The 2016 edition of SculptureWalk in downtown Sioux Falls features attractions ranging from the whimsical (a flying pig, for example) to the serious and inspirational (such as a kneeling woman with her hands on her head).
There are a few abstract contraptions that are difficult to explain and several majestic animals. In all, 56 sculptures are on display for public viewing along the sidewalks and walkways of the uptown, downtown and east bank areas.
“I’m very happy with the variety of sculptures. We don’t have a planned theme, but our unplanned theme this year seems to be Native American sculptures,” says Jim Clark, director of the SculptureWalk program.
This is the 13th year for displays and perhaps the best year yet for the program. There are sculptures from 17 states, including six from South Dakota, and work from 12 new artists, Clark says. A committee selected sculptures for display from 143 applicants. Most of the sculptures are displayed atop quartzite pedestals.
The sculptures are loaned from the artists, and eventually either sold or returned.
“It’s a great year. We’re very happy with the quality and variety of sculptures we have for 2016. We try to improve SculptureWalk every year,” he says.
The program is run by an all-volunteer, nonprofit organization with help from sponsors.
SDN Communications is among the artwork sponsors. This year, SDN was assigned sponsorship of “Our Guardian,” a bronze sculpture of an American Bald Eagle perched on a branch. “A prestigious bird with an amazing spirit,” the accompanying inscription says.
“Our Guardian” is the work of Eric Thorsen, an acclaimed wood carver and bronze sculptor from Bigfork, Mont. His eagle is on display just north of the Diner, near the corner of Phillips Avenue and 10th Street. The eagle is listed for sale online for $7,400.
Vernon Brown, SDN’s vice president of marketing and community relations, says the company serves as a sponsor for the program to be a good corporate citizen. SDN typically supports projects related to science, technology engineering and mathematics, so its annual support SculptureWalk is a little different.
“SculptureWalk really enriches our community, especially the downtown area,” Brown says.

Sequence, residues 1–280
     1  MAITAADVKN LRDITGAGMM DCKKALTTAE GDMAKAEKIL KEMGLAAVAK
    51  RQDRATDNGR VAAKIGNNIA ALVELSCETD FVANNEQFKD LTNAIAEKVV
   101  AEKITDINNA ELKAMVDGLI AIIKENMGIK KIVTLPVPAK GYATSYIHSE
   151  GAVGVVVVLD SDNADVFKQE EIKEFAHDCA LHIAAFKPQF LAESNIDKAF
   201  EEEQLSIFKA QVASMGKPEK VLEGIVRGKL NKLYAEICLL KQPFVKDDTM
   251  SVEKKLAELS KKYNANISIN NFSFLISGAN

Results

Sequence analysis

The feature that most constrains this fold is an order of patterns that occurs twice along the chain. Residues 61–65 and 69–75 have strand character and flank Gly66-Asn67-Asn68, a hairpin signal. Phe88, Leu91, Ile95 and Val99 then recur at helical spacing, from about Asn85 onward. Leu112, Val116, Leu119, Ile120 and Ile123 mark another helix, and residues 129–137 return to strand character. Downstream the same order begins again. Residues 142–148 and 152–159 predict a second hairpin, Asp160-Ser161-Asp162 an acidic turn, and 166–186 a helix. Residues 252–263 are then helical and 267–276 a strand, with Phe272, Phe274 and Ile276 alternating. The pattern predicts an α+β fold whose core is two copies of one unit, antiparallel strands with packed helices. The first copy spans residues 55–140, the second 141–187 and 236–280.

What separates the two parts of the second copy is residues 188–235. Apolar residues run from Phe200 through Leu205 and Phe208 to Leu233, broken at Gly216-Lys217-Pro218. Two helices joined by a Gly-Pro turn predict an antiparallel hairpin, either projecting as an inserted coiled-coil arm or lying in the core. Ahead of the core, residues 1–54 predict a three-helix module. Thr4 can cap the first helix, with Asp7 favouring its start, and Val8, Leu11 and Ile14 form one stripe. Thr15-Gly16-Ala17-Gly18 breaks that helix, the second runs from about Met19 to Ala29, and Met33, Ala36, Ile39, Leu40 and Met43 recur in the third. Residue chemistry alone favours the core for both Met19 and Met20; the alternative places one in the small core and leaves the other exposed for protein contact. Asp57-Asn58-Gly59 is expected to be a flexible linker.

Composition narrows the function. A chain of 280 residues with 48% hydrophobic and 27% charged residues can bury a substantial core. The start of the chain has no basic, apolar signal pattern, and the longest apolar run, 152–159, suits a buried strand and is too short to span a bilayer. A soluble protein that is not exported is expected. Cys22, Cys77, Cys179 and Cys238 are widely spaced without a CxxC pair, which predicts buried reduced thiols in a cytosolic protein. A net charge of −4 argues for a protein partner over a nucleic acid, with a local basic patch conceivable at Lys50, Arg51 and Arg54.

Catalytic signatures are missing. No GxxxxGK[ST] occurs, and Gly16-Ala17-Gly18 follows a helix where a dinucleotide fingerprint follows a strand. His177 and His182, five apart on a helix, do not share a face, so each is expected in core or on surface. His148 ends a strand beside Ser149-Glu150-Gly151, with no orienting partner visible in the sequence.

Viewers can walk around to check out the sculptures at any time. Brochures with a sculpture map and a People’s Choice ballot are located in in boxes by light posts along the display route.
Progress being made on Arc of Dreams
As area residents and visitors enjoy this year’s edition of SculptureWalk, work is progressing behind the scenes on plans for a signature piece of art that is coming to the downtown area. The Arc of Dreams will be a permanent, arc-like, stainless steel sculpture that will span nearly all the way across the Big Sioux River. At the center, 70 feet above the river, will be a 15-foot gap, which will represent the leap of faith that dreamers often have to take to make their wishes come true.
The two points of the arc will cross the river between Sixth and Eighth Streets from property owned by Raven Industries and Cherapa Place. Sturgis area artist Dale Lamphere will create the arc. Engineering work at the sculpture site is underway, Clark says.
Pledges totaling $1,150,000 have been made for the project. The initial goal was $950,000. The secondary goal of $1.2 million is within reach.
Clark expects the arc to be installed during the late summer of 2017. He considers it a capstone for SculptureWalk that will help bring the program to national prominence.
The Arc of Dreams will be great addition to a Sioux Falls and a fitting tribute to the dreamers who built and continue to expand this thriving city.